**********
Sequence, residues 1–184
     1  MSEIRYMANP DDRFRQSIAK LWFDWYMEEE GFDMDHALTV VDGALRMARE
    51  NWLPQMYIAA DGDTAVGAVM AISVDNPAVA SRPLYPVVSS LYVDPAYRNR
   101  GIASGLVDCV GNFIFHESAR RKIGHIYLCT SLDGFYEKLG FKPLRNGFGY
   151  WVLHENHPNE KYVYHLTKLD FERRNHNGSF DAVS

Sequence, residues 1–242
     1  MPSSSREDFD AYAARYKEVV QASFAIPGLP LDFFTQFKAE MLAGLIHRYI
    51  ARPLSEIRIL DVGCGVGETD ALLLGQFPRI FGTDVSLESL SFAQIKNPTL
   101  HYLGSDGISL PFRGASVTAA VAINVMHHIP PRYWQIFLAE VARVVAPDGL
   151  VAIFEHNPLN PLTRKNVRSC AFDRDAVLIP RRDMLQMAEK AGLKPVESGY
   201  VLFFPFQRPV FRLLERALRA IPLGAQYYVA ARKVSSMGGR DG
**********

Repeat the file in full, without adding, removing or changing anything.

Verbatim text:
Sequence, residues 1–184
     1  MSEIRYMANP DDRFRQSIAK LWFDWYMEEE GFDMDHALTV VDGALRMARE
    51  NWLPQMYIAA DGDTAVGAVM AISVDNPAVA SRPLYPVVSS LYVDPAYRNR
   101  GIASGLVDCV GNFIFHESAR RKIGHIYLCT SLDGFYEKLG FKPLRNGFGY
   151  WVLHENHPNE KYVYHLTKLD FERRNHNGSF DAVS

Sequence, residues 1–242
     1  MPSSSREDFD AYAARYKEVV QASFAIPGLP LDFFTQFKAE MLAGLIHRYI
    51  ARPLSEIRIL DVGCGVGETD ALLLGQFPRI FGTDVSLESL SFAQIKNPTL
   101  HYLGSDGISL PFRGASVTAA VAINVMHHIP PRYWQIFLAE VARVVAPDGL
   151  VAIFEHNPLN PLTRKNVRSC AFDRDAVLIP RRDMLQMAEK AGLKPVESGY
   201  VLFFPFQRPV FRLLERALRA IPLGAQYYVA ARKVSSMGGR DG